12 May 2022
Get your research organised - and free up more time for finding ancestors - with Helen Tovey's three top organisation tools.
In a new series in Family Tree, over the coming months we will be looking at some of the many ways in which digital aids can transform our research processes. We’ll be looking at the must-have technology items for the family historian, and exploring some of the newer and just “nice to have ones” too.
To help get us started, Helen Tovey shares three top organisation tools, and invites you to share your own ideas too:
1. Tackle those to-do lists
To help you keep track of the myriad tasks required when researching your family history, it definitely pays to make notes and lists. Generic software you may already have to hand can be employed this way, for instance: Excel (Microsoft), Calc (OpenOffice – free), and GoogleSheets (GoogleDrive – free). Alternatively you might like to try a dedicated project management tool to help keep you organised and motivated, such as Trello.com. With free and premium levels available, Trello helps you manage your projects, creating to-do lists and done list.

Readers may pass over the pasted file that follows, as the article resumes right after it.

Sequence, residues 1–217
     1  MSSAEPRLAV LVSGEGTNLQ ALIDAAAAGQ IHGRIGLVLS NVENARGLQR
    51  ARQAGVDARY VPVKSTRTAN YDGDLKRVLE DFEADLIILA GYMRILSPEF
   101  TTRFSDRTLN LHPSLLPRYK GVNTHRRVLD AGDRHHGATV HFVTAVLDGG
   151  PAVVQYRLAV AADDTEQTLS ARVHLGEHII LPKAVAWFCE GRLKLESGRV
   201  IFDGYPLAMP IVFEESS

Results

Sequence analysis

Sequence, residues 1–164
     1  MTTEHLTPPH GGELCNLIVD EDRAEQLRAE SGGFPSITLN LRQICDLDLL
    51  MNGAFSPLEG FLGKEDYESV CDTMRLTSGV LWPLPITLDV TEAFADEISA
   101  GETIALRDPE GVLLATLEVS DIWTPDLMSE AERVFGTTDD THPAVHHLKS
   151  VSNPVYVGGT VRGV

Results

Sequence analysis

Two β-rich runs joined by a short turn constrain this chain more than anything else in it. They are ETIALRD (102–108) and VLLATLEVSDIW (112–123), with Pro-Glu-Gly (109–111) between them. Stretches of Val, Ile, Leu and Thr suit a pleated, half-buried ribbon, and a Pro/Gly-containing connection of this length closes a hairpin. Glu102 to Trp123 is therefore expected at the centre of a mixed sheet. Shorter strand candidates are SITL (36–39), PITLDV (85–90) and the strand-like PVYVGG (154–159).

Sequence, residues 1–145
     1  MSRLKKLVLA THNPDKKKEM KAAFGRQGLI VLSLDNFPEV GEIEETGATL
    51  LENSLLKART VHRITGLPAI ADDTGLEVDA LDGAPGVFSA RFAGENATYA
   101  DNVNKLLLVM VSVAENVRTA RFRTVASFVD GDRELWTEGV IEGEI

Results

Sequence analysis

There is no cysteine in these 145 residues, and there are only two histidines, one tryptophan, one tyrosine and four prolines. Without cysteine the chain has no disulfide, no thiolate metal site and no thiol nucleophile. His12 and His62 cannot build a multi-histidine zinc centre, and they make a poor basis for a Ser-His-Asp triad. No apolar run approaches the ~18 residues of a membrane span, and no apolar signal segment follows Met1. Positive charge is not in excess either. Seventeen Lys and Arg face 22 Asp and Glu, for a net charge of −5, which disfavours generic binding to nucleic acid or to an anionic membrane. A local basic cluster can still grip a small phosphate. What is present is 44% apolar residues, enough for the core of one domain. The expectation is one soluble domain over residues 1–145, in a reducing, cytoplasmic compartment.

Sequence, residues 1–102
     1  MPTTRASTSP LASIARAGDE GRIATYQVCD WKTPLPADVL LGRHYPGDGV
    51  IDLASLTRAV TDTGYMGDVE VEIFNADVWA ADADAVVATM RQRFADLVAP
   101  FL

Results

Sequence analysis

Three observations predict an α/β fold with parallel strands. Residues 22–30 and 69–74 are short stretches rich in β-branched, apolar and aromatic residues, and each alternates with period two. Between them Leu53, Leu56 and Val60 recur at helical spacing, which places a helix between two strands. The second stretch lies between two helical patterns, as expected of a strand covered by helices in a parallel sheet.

2. Get mind mapping
Often at the start of something, perhaps a new branch of your family tree, or a new family history project you’d like to tackle, your ideas will be swimming around your head in no logical order. Committing them to the page is a good step to take, to help you work out what you wish to concentrate on and how you’re going to go about it.
If you’re a visual thinker, mind-mapping is ideal for this stage of a germinating project – as it doesn’t require you to create an orderly list. Instead, just note down the points, adding further ideas as they come to you. Gradually you will be able to bring some order to your inspiration and make a plan using the details on your mind-map. e.g. Try Lucid Chart (free trial, thereafter £8.99 a month).
3. Streamline your note-taking
If you’re looking for a digital notebook, OneNote (Mac and PC, Android & iOS) may be just for you – use it to create multiple notebooks, within which you can create sections and pages. Images can be dropped on to your page, as can multiple text boxes – just click and start typing wherever you wish. You can even draw with it – perhaps the perfect tool for sketching out a family tree, or doodling visual aid notes while listening to a talk.
Scrivener (£17.99 for the app, £47.99 for the desktop/laptop software) and Evernote are widely popular with genealogists, likewise for PC, Mac and via an app for devices). GoodNotes and Notability are other digital notebook options, particularly good for handwritten notes on an iPad.
We want to hear from you...
Over the next few issues we will look at specific areas of gadgets, apps etc for genealogy purposes.
We would also love to hear what you find useful and why. Please email Helen Tovey with the details and we look forward to sharing your advice in a future issue.
We will include mention of as many reader recommendations as possible and for those that we showcase we will pay £30.
Extracted from 'genealogy apps and gadgets' from the June 2022 issue of Family Tree magazine. Get your copy here.